Perhaps my favorite thing about my top three albums this year is how inexorably linked and interchangeably excellent each of them are: all three explore similar musical territory and parse related thematic lines, but they are also thoroughly cohesive, grand without a lick of pretension, and alive with the nuanced and conflicted personalities of their creators. Furthermore, and perhaps coincidentally, my appreciation for each record springs from the album that comes before it on the list: where my adoration of Gaslight grew directly out of my love for the music of Bruce Springsteen, my realization of Battle Born’s true scope and perfection came immediately after my first experience with the Gaslight Anthem live show. Somewhere between Detroit and Kalamazoo, with the highway laid out ahead and the 1 a.m. darkness swirling around me, the songs on The Killers’ fourth proper full-length (and their first in four years) came alive. I never thought that Brandon Flowers and company would make a better album than 2006’s Sam’s Town, but on that late night drive, I felt my perception of that change before my eyes. Maybe it was the haunting desolation of “Flesh and Bone” that kicked things off, or perhaps the triumphant grandeur of “Runaways” as it flowed into album-highlight “The Way it Was.” I heard echoes of Hot Fuss on “Miss Atomic Bomb,” of ‘80s arena rock on “Here With Me,” and of pure Springsteenian longing on “A Matter of Time.” But no matter the impetus, by the time the album reached its one-two punch finale (the pulsing balladry of “Be Still” and the gloriously climactic title track), I found myself singing and shouting along, reveling in the power of the music, and feeling as infinite as the highway before me. (Read my full review here)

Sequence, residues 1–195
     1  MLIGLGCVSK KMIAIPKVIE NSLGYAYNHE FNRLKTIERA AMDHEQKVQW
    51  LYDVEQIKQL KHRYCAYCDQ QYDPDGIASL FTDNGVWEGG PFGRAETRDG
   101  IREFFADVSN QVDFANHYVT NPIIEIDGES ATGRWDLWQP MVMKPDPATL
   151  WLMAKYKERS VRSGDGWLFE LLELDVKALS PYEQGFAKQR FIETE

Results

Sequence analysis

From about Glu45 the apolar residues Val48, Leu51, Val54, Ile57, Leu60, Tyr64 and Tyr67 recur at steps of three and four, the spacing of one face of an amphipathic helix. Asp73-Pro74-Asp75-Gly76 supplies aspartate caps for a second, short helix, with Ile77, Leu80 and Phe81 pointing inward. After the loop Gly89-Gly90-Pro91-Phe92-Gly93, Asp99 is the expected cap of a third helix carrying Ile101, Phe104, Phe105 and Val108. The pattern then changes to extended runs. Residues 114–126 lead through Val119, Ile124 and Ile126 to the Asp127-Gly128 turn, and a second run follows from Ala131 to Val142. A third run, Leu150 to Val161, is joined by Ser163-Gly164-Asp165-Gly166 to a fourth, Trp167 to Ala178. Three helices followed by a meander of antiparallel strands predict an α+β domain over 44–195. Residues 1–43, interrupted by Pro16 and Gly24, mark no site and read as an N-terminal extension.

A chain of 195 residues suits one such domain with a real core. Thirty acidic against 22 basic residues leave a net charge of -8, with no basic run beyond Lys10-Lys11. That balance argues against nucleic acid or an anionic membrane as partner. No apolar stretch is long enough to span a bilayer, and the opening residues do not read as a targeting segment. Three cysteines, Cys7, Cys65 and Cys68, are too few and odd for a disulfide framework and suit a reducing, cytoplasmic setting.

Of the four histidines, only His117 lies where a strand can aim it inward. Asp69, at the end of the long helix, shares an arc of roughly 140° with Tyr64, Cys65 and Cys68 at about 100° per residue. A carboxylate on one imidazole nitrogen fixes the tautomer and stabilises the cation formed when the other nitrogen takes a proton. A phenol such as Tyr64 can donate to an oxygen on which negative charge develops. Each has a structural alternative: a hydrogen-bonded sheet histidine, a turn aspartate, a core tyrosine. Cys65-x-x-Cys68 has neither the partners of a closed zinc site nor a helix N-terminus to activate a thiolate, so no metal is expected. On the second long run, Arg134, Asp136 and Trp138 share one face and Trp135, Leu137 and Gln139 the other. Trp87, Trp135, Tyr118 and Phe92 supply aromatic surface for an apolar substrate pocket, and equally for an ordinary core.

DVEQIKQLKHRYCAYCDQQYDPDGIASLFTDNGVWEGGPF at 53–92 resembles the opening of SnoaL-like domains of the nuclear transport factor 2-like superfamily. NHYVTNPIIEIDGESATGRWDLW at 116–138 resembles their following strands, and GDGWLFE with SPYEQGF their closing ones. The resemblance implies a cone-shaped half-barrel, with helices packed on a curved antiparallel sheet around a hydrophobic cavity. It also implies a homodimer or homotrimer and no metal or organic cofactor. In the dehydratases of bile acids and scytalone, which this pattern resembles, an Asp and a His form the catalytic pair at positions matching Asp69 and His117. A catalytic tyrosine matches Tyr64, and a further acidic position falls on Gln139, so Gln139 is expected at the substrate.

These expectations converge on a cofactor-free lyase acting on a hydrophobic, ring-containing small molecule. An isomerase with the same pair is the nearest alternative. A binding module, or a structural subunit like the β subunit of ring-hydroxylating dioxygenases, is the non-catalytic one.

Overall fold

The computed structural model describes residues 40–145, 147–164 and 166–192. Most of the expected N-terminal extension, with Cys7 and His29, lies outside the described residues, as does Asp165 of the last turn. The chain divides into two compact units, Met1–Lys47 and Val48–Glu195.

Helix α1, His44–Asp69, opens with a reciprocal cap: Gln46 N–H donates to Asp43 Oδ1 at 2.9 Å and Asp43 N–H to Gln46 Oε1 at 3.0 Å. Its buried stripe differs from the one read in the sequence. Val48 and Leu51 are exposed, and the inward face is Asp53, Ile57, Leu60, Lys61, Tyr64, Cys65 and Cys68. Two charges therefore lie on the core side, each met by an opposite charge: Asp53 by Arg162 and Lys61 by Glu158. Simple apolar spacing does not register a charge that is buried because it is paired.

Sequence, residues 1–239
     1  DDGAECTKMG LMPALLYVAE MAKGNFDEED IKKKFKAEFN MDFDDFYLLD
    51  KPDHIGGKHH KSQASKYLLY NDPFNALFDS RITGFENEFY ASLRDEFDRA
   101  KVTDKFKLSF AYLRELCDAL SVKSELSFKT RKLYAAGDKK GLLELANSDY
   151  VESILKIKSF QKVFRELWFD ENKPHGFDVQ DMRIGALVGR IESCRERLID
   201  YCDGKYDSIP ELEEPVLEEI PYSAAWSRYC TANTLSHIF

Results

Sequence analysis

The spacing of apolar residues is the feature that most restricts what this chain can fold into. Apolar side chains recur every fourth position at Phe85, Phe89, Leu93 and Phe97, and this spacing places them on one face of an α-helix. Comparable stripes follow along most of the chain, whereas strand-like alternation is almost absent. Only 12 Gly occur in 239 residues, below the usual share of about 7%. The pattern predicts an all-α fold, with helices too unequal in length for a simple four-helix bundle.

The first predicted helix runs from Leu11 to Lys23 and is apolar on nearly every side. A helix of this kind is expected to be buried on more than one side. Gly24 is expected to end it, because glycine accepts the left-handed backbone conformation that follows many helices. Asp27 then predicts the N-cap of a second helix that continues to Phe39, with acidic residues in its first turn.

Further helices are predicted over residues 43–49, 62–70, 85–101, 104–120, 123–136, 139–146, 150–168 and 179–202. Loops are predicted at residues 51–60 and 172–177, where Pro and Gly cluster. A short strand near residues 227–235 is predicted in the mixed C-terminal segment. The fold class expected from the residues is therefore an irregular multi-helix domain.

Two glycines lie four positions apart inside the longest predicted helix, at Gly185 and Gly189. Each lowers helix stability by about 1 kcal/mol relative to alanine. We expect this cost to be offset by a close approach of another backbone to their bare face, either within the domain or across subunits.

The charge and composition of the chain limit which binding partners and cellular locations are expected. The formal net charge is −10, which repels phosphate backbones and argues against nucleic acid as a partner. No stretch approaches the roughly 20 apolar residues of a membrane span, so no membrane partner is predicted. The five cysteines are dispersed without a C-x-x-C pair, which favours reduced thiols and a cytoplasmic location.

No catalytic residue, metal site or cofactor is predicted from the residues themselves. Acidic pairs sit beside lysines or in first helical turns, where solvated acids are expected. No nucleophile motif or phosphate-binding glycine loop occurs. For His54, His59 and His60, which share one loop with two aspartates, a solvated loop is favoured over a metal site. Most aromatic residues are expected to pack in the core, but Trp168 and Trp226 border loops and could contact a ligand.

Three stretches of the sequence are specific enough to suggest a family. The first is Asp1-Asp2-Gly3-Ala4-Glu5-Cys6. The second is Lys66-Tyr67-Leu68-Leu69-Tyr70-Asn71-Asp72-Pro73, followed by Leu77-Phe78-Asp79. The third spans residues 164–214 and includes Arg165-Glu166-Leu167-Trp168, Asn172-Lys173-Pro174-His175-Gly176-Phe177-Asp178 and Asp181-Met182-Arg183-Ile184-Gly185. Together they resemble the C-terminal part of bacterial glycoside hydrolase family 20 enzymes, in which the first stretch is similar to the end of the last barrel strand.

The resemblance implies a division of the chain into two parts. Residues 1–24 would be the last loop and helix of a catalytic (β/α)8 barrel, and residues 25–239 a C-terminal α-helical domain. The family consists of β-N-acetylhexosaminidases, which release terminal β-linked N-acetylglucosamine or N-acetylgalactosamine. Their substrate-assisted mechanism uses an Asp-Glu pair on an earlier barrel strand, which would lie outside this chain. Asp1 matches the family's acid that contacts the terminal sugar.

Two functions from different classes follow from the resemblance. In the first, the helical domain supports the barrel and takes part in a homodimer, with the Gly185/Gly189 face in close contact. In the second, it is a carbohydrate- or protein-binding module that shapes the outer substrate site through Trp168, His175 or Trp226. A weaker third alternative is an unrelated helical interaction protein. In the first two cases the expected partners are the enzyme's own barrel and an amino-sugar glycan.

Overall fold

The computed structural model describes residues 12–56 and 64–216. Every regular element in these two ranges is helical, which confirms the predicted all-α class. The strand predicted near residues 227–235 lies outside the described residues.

Key tracks: “The Way it Was,” “Miss Atomic Bomb,” “Battle Born”

4. Japandroids – Celebration Rock